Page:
Iran's influence among Iraqi Shi'as would skyrocket. Tehran could and probably would use this to force out any U.S. presence and move Iraq in the direction of being a satellite state (even if it did not succeed completely). Even an independent-minded Iraqi government would feel that a strong, neighboring Iran was a more important factor to please than a distant and fickle United States.

Arab-Israeli Conflict

The chance of resolving the Arab-Israeli conflict diplomatically would be zero, as the growing numbers of radicals would believe they could win completely, and the relatively moderate would be too scared to take any action that might be defined as treasonous. With Hamas winning even more over Fatah--and Fatah pushed toward a harder line, perhaps even a deal with Iran--no Palestinian leader would negotiate seriously. This is already true, and it would be even more so.

Saudi Arabia and the Gulf

The Saudis and other Gulf countries would be very intimidated by Iran's growing power. They would try to survive by propitiating Iran and by ensuring Western support, but their priority would swing toward the former factor. Internal revolutionary and terrorist movements would probably increase and be disruptive, even if they did not come into power. Oil and natural gas prices would skyrocket in view of the market's fear of regional instability.


All in all, the outcome would be incredibly damaging for Western interests. The kind of postwar interventionism that took place in Kuwait in 1991 and Iraq in 2003 would be impossible, since now Iran--in place of the USSR--would hold the balance. The type of hopeful diplomacy contained in the 1990s peace process would be impossible since the Arab side would be held in thrall to Iranian and radical Islamist pressures.

Western attempts to conciliate Iran would be tougher since Tehran could maintain that it achieved nuclear weapons despite opposition from the West. Since it is so powerful, why should it make any concessions at all to a side it sees as frightened and in historic decline? That idea--that Iran is on the winning side of history--would have enormous appeal in the Arabic-speaking world.

This is a very gloomy assessment, but it is hard to see how a different one is more likely. To reiterate, even assuming that Iran never uses nuclear weapons, the possession of them alone is likely to create an enormous, earthquake-like strategic shift in the region and in Arab politics.


Syria has been a major exporter of instability to Iraq, and thus the Damascus regime. It is a major promoter of disorder there and clearly does not fear the radical Islamists it is helping as either a force in Iraq or as a threat to Syria itself. Some Western observers have argued that Syrian interests are parallel to those of their own countries. If this is true at all it is due only to the fact that parallel lines never meet.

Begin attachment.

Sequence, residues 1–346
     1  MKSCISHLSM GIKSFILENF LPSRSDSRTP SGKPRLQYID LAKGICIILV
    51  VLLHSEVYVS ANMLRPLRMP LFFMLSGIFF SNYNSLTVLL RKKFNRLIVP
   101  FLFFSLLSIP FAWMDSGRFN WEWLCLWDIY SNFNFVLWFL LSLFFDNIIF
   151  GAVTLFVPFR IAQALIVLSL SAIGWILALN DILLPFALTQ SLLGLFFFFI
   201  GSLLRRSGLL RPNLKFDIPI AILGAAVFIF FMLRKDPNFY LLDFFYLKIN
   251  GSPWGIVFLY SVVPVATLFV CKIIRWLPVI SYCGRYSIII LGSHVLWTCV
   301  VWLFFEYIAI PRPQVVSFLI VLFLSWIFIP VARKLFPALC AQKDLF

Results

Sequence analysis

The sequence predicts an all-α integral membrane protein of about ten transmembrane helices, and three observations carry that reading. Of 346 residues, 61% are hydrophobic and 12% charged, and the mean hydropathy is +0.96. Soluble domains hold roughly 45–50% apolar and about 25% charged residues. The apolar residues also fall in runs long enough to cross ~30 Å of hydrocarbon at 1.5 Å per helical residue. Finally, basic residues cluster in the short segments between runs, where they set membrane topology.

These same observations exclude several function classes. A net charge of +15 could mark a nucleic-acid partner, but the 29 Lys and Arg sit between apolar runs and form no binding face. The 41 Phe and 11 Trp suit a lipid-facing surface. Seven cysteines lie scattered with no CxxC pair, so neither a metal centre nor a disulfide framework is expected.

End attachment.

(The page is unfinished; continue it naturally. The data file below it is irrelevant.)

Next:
American and Iraqi officials have consistently made this point in no uncertain words, and in increasingly specific terms. In November 2005, then Prime Minister Ibrahim Jafari explained, "We demand that [Syria] control [its] borders, prevent infiltration and terrorism. We want good relations with Syria, but this cannot be achieved when such violations exist."

In September 2006, Iraqi Deputy Prime Minister Barham Salah said that Iraq wanted to "get our Syrian neighbors to behave more responsibly... and to clamp down on the presence and activity of some of the former regime leaders" there "as well as some of the terrorists that are going across the borders."

A few months later, the deputy governor of Mosul, Khasro Goran, added that Syria could easily control terrorism from its territory since it had thrown out the Kurdish PKK leaders in 1998, responding to a threat from Turkey.

The U.S. military spokesman in Iraq, Major General William Caldwell, estimated that between 70 and 100 foreign fighters, one-fifth of whom were Syrian, were caught crossing the Syrian border into Iraq every month throughout 2005 and 2006.

In late 2006, Syria added to its strategy by opening diplomatic relations with Iraq, a relationship broken more than two decades earlier, though the two countries had worked together closely in the years before Saddam Hussein's overthrow. Syria's foreign minister visited Baghdad, and Iraq's President Jalal Talabani made a January 2007 week-long return visit to Damascus, where he had lived in exile during the Saddam era. Syria and Iraq signed several accords and made public statements pledging to work together on all sorts of security, political, and economic matters of mutual interest.

The problem, however, was that Syria did not fulfill those pledges, particularly on the all-important security issue. In February 2007, Iraqi government spokesman Ali Dabbagh could still assert that "50 percent of murders and bombings are by extremists coming from Syria... and we have evidence to prove it." Equally striking was the March 2007 statement by State Department Iraq Coordinator Ambassador David Satterfield that at least 80 percent of suicide bombers in Iraq had transited through Syria.